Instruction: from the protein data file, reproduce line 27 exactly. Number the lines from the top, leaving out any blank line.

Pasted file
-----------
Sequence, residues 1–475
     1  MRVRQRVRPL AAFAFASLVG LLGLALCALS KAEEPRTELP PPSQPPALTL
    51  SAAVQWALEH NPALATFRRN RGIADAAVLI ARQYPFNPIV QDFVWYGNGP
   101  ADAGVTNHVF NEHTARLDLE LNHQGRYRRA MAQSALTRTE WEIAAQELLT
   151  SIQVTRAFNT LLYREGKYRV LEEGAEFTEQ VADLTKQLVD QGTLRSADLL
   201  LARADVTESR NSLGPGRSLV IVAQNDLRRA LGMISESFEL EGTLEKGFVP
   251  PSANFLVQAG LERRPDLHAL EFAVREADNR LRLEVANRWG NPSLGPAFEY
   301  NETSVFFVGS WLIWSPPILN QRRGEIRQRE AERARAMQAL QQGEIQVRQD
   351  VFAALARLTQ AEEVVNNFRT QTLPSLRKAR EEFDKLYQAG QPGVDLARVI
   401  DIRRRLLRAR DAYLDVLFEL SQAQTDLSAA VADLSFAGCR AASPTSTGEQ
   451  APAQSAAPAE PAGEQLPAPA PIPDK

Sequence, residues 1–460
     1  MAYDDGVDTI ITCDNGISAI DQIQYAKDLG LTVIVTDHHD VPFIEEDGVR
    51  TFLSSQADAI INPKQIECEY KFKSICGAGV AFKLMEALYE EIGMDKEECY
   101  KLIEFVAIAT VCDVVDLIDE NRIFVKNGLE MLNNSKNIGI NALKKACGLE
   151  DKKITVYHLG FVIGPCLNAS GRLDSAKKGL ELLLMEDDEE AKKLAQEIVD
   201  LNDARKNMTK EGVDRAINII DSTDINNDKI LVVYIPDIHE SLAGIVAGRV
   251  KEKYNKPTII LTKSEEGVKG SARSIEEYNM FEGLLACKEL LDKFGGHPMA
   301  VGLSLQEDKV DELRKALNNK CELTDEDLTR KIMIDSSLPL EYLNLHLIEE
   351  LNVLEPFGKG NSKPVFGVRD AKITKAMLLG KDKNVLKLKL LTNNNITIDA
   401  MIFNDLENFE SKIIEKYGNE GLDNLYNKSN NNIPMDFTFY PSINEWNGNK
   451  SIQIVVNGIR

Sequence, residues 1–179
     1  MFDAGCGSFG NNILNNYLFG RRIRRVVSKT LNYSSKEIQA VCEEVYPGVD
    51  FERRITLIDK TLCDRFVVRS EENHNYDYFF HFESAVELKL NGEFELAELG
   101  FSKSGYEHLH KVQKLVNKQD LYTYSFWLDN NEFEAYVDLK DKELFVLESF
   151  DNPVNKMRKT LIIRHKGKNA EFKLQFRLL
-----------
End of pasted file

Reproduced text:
   151  DNPVNKMRKT LIIRHKGKNA EFKLQFRLL